5 Ways You Hold Yourself Back (And What To Do About It)
Do you ever hear about someone's success and wonder, How did they get there? Do you sometimes feel like you're on the outside looking in?
I have a friend who recently posted on Facebook page that he feels unable to find contentment in his life or in his work, and asked for his friends' thoughts on how he can change that. But for each person's response, he had a negative retort, listing reasons why these ideas would not be feasible for him.
I realized that more than suggestions from others, my friend needed to get out of his own way. For most of us, fulfillment and contentment are more available than we may realize. But without first acknowledging the roadblocks within, we may wind up feeling like we're spinning your wheels.
The following are five such obstacles that are common culprits in feeling stuck, and how to handle them.
1. Are you your own worst enemy?
Do you criticize yourself constantly? Stop it! Easier said than done though, right?
The truth is, thoughts, even unconscious ones, are not set in stone and can be changed. Keep a daily journal for at least two weeks, preferably in the morning when you first wake up, and start to take notice of how you speak to yourself.
Ask yourself, if you spoke to a small child the way you speak to yourself, would that child then go running into the world to take on life's challenges with courage and enthusiasm? Or would she or he sit in a corner wondering what's the point?
Once you can see for yourself how you berate and criticize yourself, you can start practicing more positive thoughts.
2. Are you a people-pleaser?
It's not necessary to make sure everyone around you is happy all the time. In fact, when you speak up for yourself and stay true to your needs, people will respect you for it that much more.
While it's important for many of us to be liked (guilty!), it's also essential to understand that if you have people-pleasing tendencies, you may feel like you don't deserve to live your life as you want to. If you're a giver and not a taker, it may feel awkward at first to remind yourself that you deserve happiness and fulfillment.
Play with the idea on a smaller scale, like if your meal didn't come out as you ordered it at the restaurant, let the server know, rather than eating something that was not prepared the way you ordered it. And then build yourself up to the bigger things like asking for a raise or promotion.
3. Are you engaging in all-or-nothing thinking?
It's easy to fall into the trap of thinking that if one thing doesn't go your way, that's just how it's going to be in every area of life. But that's simply not true. We all encounter challenges in life, and sometimes they may seem insurmountable.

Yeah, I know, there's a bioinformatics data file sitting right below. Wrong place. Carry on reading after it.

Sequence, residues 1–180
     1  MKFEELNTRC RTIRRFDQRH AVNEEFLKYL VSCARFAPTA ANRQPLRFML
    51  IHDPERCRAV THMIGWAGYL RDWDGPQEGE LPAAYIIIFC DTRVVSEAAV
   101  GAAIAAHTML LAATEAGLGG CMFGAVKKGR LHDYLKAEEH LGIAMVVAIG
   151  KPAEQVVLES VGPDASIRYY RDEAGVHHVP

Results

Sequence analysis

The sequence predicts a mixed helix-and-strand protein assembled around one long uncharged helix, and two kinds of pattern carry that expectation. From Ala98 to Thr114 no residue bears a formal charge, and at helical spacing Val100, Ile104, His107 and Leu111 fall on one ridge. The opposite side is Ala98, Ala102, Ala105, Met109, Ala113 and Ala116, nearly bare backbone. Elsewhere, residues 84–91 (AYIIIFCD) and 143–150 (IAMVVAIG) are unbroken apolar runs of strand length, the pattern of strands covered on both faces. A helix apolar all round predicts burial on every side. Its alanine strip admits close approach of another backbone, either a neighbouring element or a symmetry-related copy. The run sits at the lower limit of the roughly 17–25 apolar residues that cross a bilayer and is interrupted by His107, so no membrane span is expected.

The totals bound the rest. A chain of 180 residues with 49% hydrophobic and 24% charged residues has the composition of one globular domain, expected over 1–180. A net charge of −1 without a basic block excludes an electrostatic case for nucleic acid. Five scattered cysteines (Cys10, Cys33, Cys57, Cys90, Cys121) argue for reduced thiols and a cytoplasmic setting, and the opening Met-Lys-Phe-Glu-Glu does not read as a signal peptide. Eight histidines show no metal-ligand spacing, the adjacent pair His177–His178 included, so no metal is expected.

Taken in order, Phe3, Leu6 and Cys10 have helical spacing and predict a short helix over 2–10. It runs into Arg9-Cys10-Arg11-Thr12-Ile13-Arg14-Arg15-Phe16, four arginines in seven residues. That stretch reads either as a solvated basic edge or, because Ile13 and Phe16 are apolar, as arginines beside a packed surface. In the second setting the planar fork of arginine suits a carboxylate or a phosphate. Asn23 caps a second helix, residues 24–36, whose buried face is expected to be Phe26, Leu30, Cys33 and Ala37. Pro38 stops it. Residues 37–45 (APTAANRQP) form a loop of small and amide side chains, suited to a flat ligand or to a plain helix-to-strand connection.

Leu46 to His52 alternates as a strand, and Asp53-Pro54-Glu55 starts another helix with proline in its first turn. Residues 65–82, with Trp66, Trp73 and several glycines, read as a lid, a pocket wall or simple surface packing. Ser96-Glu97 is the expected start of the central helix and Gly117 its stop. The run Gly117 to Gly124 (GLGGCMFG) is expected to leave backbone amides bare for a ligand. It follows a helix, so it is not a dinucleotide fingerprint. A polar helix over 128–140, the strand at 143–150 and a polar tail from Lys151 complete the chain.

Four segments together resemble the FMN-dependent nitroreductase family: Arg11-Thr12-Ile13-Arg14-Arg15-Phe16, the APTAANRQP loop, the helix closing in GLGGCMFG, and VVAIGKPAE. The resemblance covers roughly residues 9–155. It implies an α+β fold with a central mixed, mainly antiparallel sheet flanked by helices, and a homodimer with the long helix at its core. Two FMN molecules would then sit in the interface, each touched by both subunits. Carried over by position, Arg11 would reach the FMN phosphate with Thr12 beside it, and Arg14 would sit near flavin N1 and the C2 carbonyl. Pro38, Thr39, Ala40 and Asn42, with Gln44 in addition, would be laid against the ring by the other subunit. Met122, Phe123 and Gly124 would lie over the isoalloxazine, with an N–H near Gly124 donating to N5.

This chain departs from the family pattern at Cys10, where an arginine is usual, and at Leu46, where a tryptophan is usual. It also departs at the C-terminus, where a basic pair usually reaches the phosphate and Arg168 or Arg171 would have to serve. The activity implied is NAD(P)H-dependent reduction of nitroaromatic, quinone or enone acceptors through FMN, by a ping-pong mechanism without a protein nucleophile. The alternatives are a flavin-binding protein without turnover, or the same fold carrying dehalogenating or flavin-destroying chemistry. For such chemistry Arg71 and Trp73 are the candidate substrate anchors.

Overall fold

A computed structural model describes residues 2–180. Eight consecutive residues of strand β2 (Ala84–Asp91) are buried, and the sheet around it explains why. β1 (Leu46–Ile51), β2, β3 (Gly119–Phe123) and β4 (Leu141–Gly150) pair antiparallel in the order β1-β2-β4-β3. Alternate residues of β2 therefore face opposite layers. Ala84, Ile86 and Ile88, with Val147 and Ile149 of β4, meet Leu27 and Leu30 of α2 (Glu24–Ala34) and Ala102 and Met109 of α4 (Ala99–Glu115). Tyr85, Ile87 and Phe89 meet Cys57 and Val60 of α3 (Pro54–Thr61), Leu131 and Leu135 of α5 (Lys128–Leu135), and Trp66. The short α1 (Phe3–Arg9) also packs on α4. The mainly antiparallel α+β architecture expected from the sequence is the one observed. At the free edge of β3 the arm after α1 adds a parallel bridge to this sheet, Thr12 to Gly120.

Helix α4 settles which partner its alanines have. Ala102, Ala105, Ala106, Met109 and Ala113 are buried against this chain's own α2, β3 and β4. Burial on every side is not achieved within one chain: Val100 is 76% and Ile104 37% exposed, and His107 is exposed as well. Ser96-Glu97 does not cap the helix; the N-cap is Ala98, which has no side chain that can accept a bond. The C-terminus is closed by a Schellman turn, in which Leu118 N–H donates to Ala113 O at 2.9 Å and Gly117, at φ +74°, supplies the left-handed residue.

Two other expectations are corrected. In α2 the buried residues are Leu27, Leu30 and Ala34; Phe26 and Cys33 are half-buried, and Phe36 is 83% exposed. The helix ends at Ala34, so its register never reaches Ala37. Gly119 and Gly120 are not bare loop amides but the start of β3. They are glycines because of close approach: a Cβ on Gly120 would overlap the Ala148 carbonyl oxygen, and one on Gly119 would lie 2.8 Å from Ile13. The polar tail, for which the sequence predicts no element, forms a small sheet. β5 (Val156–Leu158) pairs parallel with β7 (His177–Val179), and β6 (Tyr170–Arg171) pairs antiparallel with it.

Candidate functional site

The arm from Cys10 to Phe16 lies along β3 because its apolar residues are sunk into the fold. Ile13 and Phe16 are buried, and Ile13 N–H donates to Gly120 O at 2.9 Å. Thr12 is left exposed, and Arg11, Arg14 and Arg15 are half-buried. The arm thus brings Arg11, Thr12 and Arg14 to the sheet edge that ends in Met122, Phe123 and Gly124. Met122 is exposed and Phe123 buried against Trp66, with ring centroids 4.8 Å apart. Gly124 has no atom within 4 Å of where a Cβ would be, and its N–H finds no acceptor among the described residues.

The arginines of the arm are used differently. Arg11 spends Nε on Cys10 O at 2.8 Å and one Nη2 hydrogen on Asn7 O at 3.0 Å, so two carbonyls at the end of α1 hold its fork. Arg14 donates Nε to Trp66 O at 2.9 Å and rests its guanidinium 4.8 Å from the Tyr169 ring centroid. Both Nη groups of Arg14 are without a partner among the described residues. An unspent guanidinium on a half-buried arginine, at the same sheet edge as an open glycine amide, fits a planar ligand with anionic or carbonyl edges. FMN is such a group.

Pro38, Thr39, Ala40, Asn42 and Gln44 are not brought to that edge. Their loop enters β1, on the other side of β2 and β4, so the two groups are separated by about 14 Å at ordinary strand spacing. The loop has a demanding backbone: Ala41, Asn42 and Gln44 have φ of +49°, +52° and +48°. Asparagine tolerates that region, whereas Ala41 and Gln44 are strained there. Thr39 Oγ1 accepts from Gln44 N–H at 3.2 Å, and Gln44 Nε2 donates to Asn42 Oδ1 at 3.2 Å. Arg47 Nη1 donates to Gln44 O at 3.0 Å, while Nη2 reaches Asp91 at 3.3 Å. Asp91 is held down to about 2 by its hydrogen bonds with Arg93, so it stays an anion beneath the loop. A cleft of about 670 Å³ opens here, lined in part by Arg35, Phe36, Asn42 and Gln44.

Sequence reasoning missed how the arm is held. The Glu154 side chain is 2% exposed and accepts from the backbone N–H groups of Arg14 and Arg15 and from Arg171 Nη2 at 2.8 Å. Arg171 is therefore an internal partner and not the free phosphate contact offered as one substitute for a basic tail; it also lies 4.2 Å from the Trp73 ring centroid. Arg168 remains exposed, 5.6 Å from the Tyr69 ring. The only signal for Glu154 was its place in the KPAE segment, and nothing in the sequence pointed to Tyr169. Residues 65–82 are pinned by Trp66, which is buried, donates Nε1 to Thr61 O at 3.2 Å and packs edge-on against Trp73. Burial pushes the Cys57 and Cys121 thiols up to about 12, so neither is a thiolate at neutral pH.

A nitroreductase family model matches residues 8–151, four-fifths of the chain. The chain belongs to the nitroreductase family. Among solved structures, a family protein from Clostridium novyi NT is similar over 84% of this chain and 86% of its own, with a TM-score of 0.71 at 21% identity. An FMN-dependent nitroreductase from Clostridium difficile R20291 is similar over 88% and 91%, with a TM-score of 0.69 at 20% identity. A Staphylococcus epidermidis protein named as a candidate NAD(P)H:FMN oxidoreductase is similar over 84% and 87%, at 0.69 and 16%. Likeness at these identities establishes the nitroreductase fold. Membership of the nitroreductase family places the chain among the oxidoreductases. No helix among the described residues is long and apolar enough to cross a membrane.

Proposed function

One of my best friends told me recently about a principle she has applied to parenthood, which I like to refer to as the "Right Now" theory. Did you sleep through your alarm, forget to bring your lunch to work and lose your wallet? (And we all have those days!)
Rather than assuming this is how your whole year is going to be, consider telling yourself that this is how it is Right Now.
Tack that phrase onto any negative all-or-nothing thought so you can accept how things are in the moment, and still remind yourself that this moment, as every moment, will pass.
4. Are you putting yourself through negative thought loops?
As you begin to take more notice of your negative thoughts, see if you can pick out the repeat offenders. Then ask yourself, "Who does this remind me of?" Once you begin to understand how you came to this way of thinking, you can start to make serious changes.
5. Are you afraid of failure?
We've all felt it, no matter what level of success we've achieved. When you feel that fear coming on and it's hindering you from taking the risks necessary for you to achieve your goals, try "reality testing" your fear. Play out the worst case scenario in your head.
Often when you really look at what is the worst that can happen, you realize that yes, maybe you'll lose a little money or time, or even worse, feel embarrassed or take a bruise to your ego. But you might also find that even in the worst case scenario, you'll not only recover, but you'll have learned about yourself, and be one step closer to fulfilling your dreams.
Alena Gerst, LCSW, E-RYT, is a licensed psychotherapist, yoga instructor, and certified LifeForce™ Yoga practitioner for anxiety and depression. She received her bachelor's in psychology from Northern Arizona University and her master's in clinical health from Columbia University. Author of A Wellness Handbook for the Performing Artist: The Performer's Essential Guide for Staying Healthy in Body, Mind, and Spirit, Gerst provides psychotherapy and therapeutic yoga in New York City hospitals and in private practice in Manhattan. Her Yoga practice is inspired by the teachings of B.K.S. Iyengar.